Progress is noisy for residents near I-295/I-76 road construction

 The large curvy road is the southbound lanes of I-295, which will be overhauled by NJDOT. (Image from Bing Maps)

The large curvy road is the southbound lanes of I-295, which will be overhauled by NJDOT. (Image from Bing Maps)

Being mayor of a town situated next to a major highway interchange has its perks. It also has its disadvantages.

On the upside, “When we call the New Jersey Department of Transporation (NJDOT) they come and check things out,” said Frank Filipek, mayor of Bellmawr, a southern Camden County town whose residents are feeling the downside of being next to I-295, I-76 and Route 42. 

In March the state began a nearly decade-long road construction project that when done will allow I-295 drivers to continue straight over the I-76/Route 42 highways. In addition, NJDOT plans to construct 10 new bridges, 22 retaining walls, and more than 15,000 feet of new or reconstructed noise walls during the project, which is scheduled to be finished in 2021.

Residents vent

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But for Mayor Filipek progress is taking a toll on his residents. They call because construction noise is keeping their babies awake at night. They call because they miss the trees that used to provide nature trails and a buffer from the highway. They call because their little league field has been flooded and noxious odors from machinery and materials are forcing them to keep the non-air-conditioned clubhouse windows closed. They call because mud flies on their parked cars, construction vehicles clog their residential streets, and recreational baseball players can’t see the ball for the glare from cars and trucks on the highway. But mostly they call about the noise.”It’s been a big burden for us,” said Filipek. “But we’ll probably eliminate this eventually.”

Eliminating “this, eventually” is the carrot that’s being waved in front of residents and motorists whose lives and commutes are being disrupted by the most extensive highway renovation project in NJDOT’s history. Spread over four phases and eight years, the project calls on NJDOT to reconfigure the interchange where I-295, I-76 and Route 42 meet, which is considered confusing and dangerous for motorists.

“From the time the interstate highway was built, I-295 motorists who wish to travel through the interchange and remain on I-295 must exit the interstate and travel on I-76 and Route 42 for about a half-mile before they take a ramp to return to I-295,” said NJDOT Director of Communications Joe Dee. “As you can well imagine, or, perhaps as you have experienced, this layout requires dangerous weaving movements for motorists on roadways that are very congested during peak travel times.”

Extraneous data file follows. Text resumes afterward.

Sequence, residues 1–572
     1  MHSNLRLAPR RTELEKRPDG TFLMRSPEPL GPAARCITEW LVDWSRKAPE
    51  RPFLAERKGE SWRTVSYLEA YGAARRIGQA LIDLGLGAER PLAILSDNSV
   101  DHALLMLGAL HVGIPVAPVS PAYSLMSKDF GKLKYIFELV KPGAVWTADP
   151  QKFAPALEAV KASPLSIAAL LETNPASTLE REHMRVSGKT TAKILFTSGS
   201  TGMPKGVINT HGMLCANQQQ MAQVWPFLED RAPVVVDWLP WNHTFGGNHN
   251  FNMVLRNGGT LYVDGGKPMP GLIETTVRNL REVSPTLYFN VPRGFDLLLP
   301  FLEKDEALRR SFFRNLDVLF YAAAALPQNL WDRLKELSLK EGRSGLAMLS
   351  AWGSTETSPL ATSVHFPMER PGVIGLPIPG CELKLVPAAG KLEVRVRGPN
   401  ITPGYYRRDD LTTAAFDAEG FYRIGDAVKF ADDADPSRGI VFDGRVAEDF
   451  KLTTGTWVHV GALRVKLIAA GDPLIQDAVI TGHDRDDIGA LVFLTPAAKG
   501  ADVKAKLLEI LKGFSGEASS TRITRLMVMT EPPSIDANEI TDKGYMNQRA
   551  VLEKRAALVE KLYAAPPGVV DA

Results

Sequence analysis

Because these roads carry heavy Philadelphia commuter traffic and is the gateway to many shore points, this interchange ranks as the busiest and most dangerous in South Jersey.

This is another downside for Bellmawr. Its fire stations provide service for accidents that occur at this interchange, and Mayor Filipek said last year they accounted for 70 percent of his fire calls. He added that Bellmawr didn’t get reimbursed for these life-saving efforts.

Building highways to keep up with growth

Camden County Freeholder Ian Leonard, said the region has changed since the highways were originally built. “Some of these roads were designed and built 60-70 years ago. They’re antiquated.”

They were considered antiquated as far back as 1985, when NJDOT designed a widening project for Route 42 and noted the need then for significant improvements. In 1999, NJDOT and the Delaware Valley Regional Planning Commission recommended the advancement of a project that provided for a full, grade-separated interchange.

But it is only now that funding and will coalesced into an actionable initiative that’s costing taxpayers $900 million in federal dollars. Supporters say the timing is right. Currently, 250,000 vehicles pass through the interchange per day, and with Gloucester County and southern Camden County growing their populations faster than most other regions in New Jersey, better infrastructure can help facilitate the progression.

“As things start to grow you have to be realistic and say, ‘This is the time.’ If you have the money and the time, you do it,” Leonard said.


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